Any HOPE(-3) for Staving off Age-Related Cognitive Decline?

John M. Mandrola, MD; Jackie Bosch, PhD


November 21, 2016

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This is John Mandrola from on Medscape. I am here at the American Heart Association Meeting in New Orleans. I am very happy to have Associate Professor Dr Jackie Bosch from McMaster University, who presented the HOPE-3 cognition study[1] today in the late-breaking session. Welcome, Jackie.

Jackie Bosch, PhD: It is a pleasure to be here, John.

Dr Mandrola: HOPE-3 is an amazing trial; this is a cognition arm of the trial. Tell us what you were thinking when designing this trial.

Dr Bosch: The primary prevention aspect of HOPE-3 is the interesting part. We wanted to effect change before major change was actually seen. Vascular events share a lot of the same risk factors with cognitive decline. If we can reduce vascular events, we should be able to see a decline or a prevention of cognitive decline in that group as well. It seemed like a great opportunity to study a variety of questions simultaneously.

HOPE-3 Cognition Substudy

Dr Mandrola: This cognition study was a different group from the original HOPE-3 trial.[1]

Dr Bosch: Our original 12,000 patients were randomized to receive either blood pressure–lowering therapy or placebo and rosuvastatin or placebo. That was our main group. They were at intermediate cardiovascular (CV) risk. They had no vascular disease and no clinical disease. In that group we asked those who were 70 years of age or older if they would complete questionnaires on cognition function at baseline and study end. We chose the 70-year-olds because we know that is the age of greatest risk for cognitive impairment, and we thought that this group would have the events.

Dr Mandrola: Tell us about some of the rationale behind the study. You thought that cognition would maybe improve, but there was also the possibility that it would worsen.

Dr Bosch: There was. In the blood pressure–lowering arm, we thought there would be less decline in those who were taking the blood pressure–lowering medication. Going back to the hypothesis that, in midlife, hypertension is associated with later-life cognitive impairment, we thought that might bear out in our study. For the rosuvastatin comparison, there is a black box warning that the US Food and Drug Administration (FDA) and other regulators have put on statins regarding episodic memory loss. We wanted to see whether that actually occurred in this population.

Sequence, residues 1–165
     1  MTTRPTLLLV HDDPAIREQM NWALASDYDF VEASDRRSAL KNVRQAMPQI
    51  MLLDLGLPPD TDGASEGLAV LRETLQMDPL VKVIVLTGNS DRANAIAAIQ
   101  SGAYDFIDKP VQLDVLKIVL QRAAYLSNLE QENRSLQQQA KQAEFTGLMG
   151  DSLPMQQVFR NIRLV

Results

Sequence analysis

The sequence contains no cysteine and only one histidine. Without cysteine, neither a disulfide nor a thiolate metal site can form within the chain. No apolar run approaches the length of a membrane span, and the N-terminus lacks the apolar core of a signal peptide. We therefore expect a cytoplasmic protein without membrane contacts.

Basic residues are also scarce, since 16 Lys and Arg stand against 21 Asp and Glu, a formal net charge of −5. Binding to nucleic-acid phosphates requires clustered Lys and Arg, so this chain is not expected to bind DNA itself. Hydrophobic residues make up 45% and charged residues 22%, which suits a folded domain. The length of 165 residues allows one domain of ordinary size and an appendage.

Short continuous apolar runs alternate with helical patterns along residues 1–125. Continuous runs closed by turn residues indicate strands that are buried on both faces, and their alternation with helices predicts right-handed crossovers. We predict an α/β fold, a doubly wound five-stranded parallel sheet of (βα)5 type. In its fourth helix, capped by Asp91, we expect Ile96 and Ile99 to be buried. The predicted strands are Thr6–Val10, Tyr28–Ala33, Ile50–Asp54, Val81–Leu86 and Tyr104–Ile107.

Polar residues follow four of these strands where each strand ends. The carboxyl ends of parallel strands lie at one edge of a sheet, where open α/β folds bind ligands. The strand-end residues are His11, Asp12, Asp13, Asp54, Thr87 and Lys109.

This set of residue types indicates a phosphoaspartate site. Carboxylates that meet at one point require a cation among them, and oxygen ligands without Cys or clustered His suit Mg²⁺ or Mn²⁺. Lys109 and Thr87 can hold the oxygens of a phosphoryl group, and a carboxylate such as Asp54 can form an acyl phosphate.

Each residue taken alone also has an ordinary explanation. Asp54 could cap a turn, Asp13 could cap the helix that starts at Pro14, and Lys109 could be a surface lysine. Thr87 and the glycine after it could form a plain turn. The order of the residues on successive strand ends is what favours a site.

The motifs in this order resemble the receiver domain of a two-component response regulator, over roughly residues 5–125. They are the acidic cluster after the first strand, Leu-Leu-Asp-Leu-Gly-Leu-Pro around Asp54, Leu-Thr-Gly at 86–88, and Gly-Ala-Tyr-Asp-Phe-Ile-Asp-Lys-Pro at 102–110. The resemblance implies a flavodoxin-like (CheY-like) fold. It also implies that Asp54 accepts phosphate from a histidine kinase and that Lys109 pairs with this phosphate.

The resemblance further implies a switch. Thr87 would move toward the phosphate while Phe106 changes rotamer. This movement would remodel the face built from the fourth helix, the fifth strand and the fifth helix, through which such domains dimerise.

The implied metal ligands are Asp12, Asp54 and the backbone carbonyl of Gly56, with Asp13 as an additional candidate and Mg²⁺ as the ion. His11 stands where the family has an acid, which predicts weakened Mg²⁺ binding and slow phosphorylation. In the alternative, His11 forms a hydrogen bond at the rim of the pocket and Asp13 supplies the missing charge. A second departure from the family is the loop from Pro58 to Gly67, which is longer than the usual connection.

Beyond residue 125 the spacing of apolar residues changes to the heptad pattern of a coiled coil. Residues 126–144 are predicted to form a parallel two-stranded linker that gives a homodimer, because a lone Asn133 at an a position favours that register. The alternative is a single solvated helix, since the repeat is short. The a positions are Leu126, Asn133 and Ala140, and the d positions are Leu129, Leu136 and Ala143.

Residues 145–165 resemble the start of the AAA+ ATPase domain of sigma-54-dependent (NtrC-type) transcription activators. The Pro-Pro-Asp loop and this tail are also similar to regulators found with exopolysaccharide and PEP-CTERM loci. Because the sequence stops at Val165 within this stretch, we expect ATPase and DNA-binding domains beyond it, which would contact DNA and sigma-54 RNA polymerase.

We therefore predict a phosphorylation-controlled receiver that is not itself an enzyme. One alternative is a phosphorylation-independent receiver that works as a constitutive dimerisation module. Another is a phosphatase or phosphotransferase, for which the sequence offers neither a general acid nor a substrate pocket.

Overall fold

Dr Mandrola: How did you go about testing the hypothesis?

Dr Bosch: About 1600 of the participants aged 70 years or older agreed to participate and completed both questionnaires.[2] We used the digit symbol substitution test. This is a test of processing speed. You see a little symbol up at the top and you have to insert the right number as fast as you can. You do as many as you can for 2 minutes. It is stressful, actually; it requires you to be constantly switching, and processing speed is highly susceptible to vascular cognitive impairment. We chose the most sensitive measure.

We did not choose only that measure. We included other measures of cognition and function, because we recognized that measuring cognition is tough. We wanted to see whether, in a constellation of instruments, we actually made a difference.

Dr Mandrola: What did you find?

Dr Bosch: When we look at the results of those who were on blood pressure–lowering therapy compared with placebo, there was no difference in the mean change in cognitive decline. Overall, the study population declined by about 5 points on this test, but there was no difference in the blood pressure–lowering group. Similarly, there was no difference in effect in those on rosuvastatin versus placebo or the combination therapy versus placebo.